Friday, May 12, 2017

Last night's tough loss reminds us of the need for a long term plan

I thought we would win - didn't everyone? - when Gary Sanchez' single rolled into left field last night. And then - poof - all the 2017 juju magnetism seemed to switch polarity. But in fact, the grid didn't shift in that moment. It's been building for a week...

I believe it began last weekend, when the Yankees captured the spotlight on two nationally televised games. Suddenly, network announcers went into Defcon-4 Babble Mode about the Yankee resurgence.  

On Fox Sports and ESPN, the sideline "experts" devoted considerable time into speculating that the Yankees will be "buyers" at the July 31 trade deadline. A few Gammonites have even proposed we trade Greg Bird for some veteran fleabag. They say this, I believe, because that is what the Yankees are traditionally supposed to do... trade young players for old slobs.

Now... if you think about it, what a sad state for the game of baseball: It's not even mid-May, and already the barristers of the booth are picking which teams should cut bait on the season. The all-star break is two months away, and they are scanning the rosters of Milwaukee and Tampa like vultures hovering over a dead raccoon. Whenever they smell a hot microphone, the MLB brass will boast about the health of the sport, (thanks to them), yet you have teams like San Diego, already hording Rule 5 minor leaguers with an eye for 2019. When the suits talk about the sport's popularity, while seats behind home plate sit empty, I wonder what planet these Bozos live on? 

Second... the sages of ESPN and Fox always celebrate a rising Yankee team for one reason: It gets ratings. People love or hate the Yankees, so more tune in. (We're on network TV again this weekend; get used to it.) But when ESPN pundits make suggestions, we must remind ourselves that they are not necessarily friends of the franchise. Generally, they want to help the Yankees in the same way the Russians seek to upgrade American democracy.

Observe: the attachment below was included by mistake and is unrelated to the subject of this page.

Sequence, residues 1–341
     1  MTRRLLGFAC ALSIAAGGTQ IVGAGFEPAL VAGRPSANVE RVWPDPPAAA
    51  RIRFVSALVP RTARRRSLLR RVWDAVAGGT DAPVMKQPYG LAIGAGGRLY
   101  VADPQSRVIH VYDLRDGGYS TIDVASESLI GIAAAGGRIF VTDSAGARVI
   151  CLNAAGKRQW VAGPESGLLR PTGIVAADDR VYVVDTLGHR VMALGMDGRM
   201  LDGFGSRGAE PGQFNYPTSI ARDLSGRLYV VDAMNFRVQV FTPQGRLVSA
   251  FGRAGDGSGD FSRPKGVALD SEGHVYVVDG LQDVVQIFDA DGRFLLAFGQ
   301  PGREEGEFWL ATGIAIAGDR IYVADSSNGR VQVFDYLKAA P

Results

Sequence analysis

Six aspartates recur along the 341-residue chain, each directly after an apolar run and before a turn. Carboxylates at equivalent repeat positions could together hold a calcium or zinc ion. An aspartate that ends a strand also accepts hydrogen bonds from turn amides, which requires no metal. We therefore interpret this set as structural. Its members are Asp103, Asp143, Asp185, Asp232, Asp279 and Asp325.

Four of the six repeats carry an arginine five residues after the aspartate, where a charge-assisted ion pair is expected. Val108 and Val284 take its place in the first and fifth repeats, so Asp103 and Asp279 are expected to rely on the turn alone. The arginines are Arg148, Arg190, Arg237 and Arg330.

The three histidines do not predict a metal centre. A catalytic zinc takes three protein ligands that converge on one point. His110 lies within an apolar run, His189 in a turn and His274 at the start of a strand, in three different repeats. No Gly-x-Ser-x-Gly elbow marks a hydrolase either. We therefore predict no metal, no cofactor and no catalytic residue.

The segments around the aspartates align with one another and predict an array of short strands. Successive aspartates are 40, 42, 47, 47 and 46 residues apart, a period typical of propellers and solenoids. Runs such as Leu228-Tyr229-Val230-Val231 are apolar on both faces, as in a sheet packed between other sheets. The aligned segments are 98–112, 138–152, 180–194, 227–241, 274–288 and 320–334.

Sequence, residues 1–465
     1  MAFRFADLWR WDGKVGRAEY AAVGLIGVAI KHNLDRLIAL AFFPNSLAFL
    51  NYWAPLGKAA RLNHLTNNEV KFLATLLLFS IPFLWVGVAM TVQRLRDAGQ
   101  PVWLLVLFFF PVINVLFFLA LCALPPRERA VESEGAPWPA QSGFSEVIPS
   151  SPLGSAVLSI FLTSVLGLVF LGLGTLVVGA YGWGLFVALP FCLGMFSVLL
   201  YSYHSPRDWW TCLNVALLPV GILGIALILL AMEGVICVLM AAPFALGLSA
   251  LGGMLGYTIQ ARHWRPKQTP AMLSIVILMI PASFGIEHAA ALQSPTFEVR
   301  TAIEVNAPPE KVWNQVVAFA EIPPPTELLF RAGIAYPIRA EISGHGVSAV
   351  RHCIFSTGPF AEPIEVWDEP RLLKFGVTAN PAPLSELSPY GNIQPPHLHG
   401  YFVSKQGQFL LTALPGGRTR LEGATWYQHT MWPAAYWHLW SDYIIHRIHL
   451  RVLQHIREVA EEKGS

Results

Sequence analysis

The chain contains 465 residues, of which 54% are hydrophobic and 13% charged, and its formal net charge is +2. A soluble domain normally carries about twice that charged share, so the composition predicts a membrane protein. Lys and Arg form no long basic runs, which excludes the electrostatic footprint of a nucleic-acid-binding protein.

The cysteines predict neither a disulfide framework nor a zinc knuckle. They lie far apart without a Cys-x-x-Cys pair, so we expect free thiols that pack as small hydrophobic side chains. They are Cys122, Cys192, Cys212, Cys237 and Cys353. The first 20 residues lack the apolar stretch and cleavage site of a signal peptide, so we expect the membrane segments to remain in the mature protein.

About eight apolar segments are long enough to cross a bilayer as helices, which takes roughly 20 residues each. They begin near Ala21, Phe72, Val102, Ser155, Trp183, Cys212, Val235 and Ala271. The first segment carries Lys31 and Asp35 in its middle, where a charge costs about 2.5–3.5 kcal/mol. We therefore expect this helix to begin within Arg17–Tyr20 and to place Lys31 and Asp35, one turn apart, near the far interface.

So... we will be "buyers" at the deadline? Should we trade our long term future for a veteran first-baseman, which would then relegate Bird to Scranton - if not send him out the door? Hell, no! Dear God, save us from these microphone meat puppets. The Yankees' 2017 success has been based on pundit advice that was ignored. Anybody who wants to deal Clint Frazier or Gleyber Torres for a quickie weekend in August is betraying the most important ingredient in this year's team: Patience.

Consider the players that we could have peddled, but who are critical to the 2017 resurgence.

Aaron Hicks. Last year, to put it bluntly, he sucketh. Brian Cashman surely could have dumped him last winter for two Aaron Smalls and an Aaron Burr. He didn't. This year, Hicks is playing like an all-star, and what's crazy about that is that he is our fourth outfielder.

Michael Pineda. Dylan said, "There are folks among us who think that life is but a joke." I say, "There are folks among us who think that Pineda is but a ticking bomb." We could have dumped him over the winter. But what would we have gotten? Jesus Montero? We held him, and who knows? He might be an all-star. 

Gary Sanchez. He was a fixture in our farm system for years, decades, centuries - for so long that at one point, he developed a smart-mouth and did time in the penalty box. We could have dealt him for a handful of magic beans. We didn't. (And whenever some idiot talks about trading Jorge Mateo, who also seems like a thousand-year prospect, please remember Sanchez.) The best trade is sometimes the one you didn't make.